Fascia envelopes levator ani, attaches it to bone at its origin and holds the two muscles together in the midline. The urethra, vagina and rectum perforate this midline fascia. Thus, the pelvic viscera are supported both by the leva-tor ani muscle below and the fascial attachments which are condensed in some areas and are often referred to as ligaments - the uterosacral, cardinal and round ligaments being examples. There has been much debate for over a century about the structure and function of the pelvic fascia. It is generally accepted that the pelvic floor has evolved as man has assumed the upright stature and this evolution has involved replacement of some of the muscular component of the pelvic floor with fascia to provide additional supportive strength to cope with the effect of gravity. Thus, any factor that influences the strength or integrity of pelvic floor fascia will influence the function of the pelvic floor. These factors may be congenital (such as hyperelasticity of the collagenous component of fascia) or environmental, such as stretching or tearing of fascia during childbirth or heavy lifting.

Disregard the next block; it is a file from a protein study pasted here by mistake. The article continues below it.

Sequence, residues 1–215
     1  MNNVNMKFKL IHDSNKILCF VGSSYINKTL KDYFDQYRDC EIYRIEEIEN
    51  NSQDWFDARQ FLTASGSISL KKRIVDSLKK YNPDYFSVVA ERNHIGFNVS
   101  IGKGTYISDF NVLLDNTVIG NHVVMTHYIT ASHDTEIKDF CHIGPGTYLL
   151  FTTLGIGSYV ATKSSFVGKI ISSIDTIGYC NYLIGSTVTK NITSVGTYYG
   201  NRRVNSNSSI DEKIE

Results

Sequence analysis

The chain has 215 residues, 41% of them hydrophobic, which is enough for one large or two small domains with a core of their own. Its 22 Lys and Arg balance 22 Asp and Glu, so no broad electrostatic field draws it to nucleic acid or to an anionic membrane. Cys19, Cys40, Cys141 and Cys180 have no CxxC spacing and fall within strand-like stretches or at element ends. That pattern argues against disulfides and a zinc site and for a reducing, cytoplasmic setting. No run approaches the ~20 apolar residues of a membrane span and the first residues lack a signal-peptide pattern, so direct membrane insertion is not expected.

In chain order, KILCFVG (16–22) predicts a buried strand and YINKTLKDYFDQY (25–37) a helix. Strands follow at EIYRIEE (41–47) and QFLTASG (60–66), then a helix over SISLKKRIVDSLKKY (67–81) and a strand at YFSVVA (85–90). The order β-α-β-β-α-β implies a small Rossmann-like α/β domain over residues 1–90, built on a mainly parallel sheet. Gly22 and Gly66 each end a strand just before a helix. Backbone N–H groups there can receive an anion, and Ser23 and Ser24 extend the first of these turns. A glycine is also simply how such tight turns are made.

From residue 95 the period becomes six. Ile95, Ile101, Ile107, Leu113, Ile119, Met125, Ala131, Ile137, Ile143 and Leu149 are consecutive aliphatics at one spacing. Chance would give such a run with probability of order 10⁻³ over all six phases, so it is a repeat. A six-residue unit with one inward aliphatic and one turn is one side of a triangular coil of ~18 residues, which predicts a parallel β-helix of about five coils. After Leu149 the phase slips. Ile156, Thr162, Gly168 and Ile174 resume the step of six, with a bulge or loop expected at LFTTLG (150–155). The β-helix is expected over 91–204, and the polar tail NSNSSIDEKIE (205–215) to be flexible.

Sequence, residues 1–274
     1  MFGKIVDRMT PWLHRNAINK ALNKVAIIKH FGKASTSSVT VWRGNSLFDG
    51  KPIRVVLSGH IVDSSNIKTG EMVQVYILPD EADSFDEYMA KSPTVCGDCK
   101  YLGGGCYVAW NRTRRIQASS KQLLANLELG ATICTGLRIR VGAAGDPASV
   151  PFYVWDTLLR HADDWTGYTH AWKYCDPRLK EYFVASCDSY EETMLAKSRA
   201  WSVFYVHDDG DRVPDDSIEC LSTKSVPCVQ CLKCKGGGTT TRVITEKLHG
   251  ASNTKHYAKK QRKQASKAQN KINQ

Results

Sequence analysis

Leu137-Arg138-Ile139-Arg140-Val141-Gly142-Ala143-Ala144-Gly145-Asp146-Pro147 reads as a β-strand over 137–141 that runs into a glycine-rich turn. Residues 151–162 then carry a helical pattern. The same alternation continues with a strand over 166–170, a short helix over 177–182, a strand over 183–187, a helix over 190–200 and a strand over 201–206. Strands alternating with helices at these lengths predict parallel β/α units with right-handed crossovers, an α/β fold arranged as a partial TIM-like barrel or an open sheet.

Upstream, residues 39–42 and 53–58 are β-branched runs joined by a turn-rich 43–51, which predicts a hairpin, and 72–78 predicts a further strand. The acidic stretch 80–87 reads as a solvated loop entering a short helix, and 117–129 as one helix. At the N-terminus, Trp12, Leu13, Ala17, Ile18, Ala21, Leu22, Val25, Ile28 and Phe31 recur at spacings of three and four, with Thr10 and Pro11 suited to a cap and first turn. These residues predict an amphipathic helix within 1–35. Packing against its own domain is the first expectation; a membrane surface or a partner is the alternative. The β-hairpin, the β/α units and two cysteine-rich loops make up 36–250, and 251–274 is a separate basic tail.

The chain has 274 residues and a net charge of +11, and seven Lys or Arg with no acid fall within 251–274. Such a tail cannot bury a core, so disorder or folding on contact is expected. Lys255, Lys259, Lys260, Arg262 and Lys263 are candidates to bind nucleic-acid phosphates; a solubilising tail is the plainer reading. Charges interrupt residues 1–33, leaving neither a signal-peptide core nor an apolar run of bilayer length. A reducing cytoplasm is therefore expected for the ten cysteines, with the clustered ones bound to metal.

Weakness of the pelvic floor, which may result from impairment of function of either muscle or fascia, can result in uterovaginal prolapse. Prolapse is largely a result of loss of support from the pelvic floor but the pelvic floor dysfunction may produce other accompanying symptoms than those due to the displacement of the pelvic viscera. An understanding of the pathophysiology of pelvic floor dysfunction will help to develop an appropriate management strategy.
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